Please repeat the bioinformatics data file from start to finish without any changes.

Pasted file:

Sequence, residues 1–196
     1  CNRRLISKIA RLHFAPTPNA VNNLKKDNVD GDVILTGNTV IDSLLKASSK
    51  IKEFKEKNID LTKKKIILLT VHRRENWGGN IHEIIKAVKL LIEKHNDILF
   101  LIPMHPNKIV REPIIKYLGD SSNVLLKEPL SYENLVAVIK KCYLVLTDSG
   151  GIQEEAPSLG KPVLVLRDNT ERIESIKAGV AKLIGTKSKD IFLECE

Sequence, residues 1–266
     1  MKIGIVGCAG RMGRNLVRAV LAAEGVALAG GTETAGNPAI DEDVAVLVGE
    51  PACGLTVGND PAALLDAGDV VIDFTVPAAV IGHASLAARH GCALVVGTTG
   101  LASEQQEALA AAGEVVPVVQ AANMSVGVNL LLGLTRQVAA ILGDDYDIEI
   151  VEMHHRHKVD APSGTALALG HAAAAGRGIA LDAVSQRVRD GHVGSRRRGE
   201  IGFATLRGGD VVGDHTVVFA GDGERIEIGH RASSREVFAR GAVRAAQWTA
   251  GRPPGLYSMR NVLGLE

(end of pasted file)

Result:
Sequence, residues 1–196
     1  CNRRLISKIA RLHFAPTPNA VNNLKKDNVD GDVILTGNTV IDSLLKASSK
    51  IKEFKEKNID LTKKKIILLT VHRRENWGGN IHEIIKAVKL LIEKHNDILF
   101  LIPMHPNKIV REPIIKYLGD SSNVLLKEPL SYENLVAVIK KCYLVLTDSG
   151  GIQEEAPSLG KPVLVLRDNT ERIESIKAGV AKLIGTKSKD IFLECE

Sequence, residues 1–266
     1  MKIGIVGCAG RMGRNLVRAV LAAEGVALAG GTETAGNPAI DEDVAVLVGE
    51  PACGLTVGND PAALLDAGDV VIDFTVPAAV IGHASLAARH GCALVVGTTG
   101  LASEQQEALA AAGEVVPVVQ AANMSVGVNL LLGLTRQVAA ILGDDYDIEI
   151  VEMHHRHKVD APSGTALALG HAAAAGRGIA LDAVSQRVRD GHVGSRRRGE
   201  IGFATLRGGD VVGDHTVVFA GDGERIEIGH RASSREVFAR GAVRAAQWTA
   251  GRPPGLYSMR NVLGLE